Countrywide Financial's chief financial officer believes some subprime lenders will likely go belly up as a result of the current turmoil in the sector, but he stressed Tuesday that the mortgage giant will pull through because of its broader business mix.
Investors seemed to agree, sending shares of Countrywide higher.
"If you're a monoline subprime lender, this is a dark time for you," CFO Eric Sieracki said during a presentation at a Raymond James-sponsored investment conference in Orlando, Fla. "We're a top-conditioned athlete," he added.
Sieracki's comments came as woes at New Century Financialand rival subprime lenders have sent shock waves through Wall Street, although shares of Kansas City, Mo.-based NovaStarFinancial , Irvine, Calif.-based New Century and others rallied sharply on Tuesday following comments from U.S. Treasury Secretary Henry Paulson that he doesn't see the weakened housing market further damaging the U.S. financial sector.
Although Calabasas, Calif.-based Countrywide's 30-day delinquencies for subprime loans have risen to nearly 19% from a range of 12% to 14%, Sieracki pointed out that the subprime business represents only 9% of its loans.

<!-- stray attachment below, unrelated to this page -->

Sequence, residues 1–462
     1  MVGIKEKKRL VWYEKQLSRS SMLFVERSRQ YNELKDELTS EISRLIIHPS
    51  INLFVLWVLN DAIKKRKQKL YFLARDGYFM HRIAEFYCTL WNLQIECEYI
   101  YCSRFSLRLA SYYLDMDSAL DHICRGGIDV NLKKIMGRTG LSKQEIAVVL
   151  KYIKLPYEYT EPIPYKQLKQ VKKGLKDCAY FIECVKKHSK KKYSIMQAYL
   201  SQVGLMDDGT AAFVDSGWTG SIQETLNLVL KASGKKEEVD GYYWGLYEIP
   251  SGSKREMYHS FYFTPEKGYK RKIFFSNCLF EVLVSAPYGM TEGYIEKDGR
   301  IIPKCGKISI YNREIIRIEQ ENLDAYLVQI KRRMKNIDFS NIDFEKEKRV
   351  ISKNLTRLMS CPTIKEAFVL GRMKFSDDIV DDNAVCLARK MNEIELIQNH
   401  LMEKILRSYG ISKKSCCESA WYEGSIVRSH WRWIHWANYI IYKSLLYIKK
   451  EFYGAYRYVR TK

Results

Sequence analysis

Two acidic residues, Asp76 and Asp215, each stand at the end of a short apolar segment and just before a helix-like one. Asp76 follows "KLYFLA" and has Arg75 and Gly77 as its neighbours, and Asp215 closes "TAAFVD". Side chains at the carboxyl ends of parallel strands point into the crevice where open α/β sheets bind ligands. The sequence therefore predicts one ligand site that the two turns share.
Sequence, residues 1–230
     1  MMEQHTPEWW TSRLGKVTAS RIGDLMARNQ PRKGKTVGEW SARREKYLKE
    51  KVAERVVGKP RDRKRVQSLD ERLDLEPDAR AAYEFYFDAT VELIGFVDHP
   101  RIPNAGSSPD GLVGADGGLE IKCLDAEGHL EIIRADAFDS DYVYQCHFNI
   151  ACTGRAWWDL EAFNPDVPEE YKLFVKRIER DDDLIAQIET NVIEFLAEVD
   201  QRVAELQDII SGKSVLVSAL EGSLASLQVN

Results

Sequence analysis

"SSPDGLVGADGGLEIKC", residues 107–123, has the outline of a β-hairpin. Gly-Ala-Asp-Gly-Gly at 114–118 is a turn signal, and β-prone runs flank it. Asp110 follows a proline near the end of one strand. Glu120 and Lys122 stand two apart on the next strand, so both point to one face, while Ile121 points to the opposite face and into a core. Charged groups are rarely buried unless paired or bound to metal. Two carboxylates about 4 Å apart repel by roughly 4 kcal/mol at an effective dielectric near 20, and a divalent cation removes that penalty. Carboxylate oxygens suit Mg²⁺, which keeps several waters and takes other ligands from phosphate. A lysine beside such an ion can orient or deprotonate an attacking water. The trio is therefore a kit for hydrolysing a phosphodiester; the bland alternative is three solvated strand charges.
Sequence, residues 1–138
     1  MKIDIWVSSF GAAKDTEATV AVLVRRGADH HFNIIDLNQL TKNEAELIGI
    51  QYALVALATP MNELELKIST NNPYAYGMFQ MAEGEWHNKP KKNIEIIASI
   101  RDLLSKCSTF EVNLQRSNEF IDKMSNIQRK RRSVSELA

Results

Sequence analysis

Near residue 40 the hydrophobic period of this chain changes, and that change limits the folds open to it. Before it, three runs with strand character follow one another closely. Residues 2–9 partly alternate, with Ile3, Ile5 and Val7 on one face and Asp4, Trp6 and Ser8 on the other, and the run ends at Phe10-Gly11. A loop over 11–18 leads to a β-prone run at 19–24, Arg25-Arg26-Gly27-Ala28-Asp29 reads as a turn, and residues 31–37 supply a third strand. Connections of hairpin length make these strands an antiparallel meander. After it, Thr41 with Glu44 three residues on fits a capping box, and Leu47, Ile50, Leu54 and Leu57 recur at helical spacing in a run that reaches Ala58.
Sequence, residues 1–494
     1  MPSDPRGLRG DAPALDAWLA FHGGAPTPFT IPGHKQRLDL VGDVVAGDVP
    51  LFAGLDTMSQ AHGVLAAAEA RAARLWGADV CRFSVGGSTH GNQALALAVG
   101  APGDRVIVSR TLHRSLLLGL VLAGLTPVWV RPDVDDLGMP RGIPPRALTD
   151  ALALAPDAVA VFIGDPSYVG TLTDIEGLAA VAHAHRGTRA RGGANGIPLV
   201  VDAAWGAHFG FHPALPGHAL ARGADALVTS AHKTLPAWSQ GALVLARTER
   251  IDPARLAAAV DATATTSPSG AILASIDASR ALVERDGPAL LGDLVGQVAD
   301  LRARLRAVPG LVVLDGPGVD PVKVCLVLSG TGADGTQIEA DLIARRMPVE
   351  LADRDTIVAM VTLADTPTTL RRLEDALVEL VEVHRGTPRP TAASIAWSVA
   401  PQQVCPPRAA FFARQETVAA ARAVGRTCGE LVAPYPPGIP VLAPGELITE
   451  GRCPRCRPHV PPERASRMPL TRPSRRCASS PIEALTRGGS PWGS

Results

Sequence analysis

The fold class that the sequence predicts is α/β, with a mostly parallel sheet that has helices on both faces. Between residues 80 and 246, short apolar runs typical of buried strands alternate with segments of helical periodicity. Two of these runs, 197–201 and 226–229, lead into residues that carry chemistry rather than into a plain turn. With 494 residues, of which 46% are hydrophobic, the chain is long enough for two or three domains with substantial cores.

More than 80% of Countrywide's subprime loans are rated A-minus or better, the executive said.
It's also too early to tell if woes in the subprime business will spill over to other products, with fresh data on delinquencies due to come out after March 31.
"This is the pain phase of a healthy cycle," Sieracki said. "We need to see supply leave the system. We've been through these kinds of cycles before and we've seen another day."
He also defended subprime loans in general as part of a way to increase home ownership.
Many of Countrywide's subprime customers end up refinancing into prime mortgages, Sieracki said.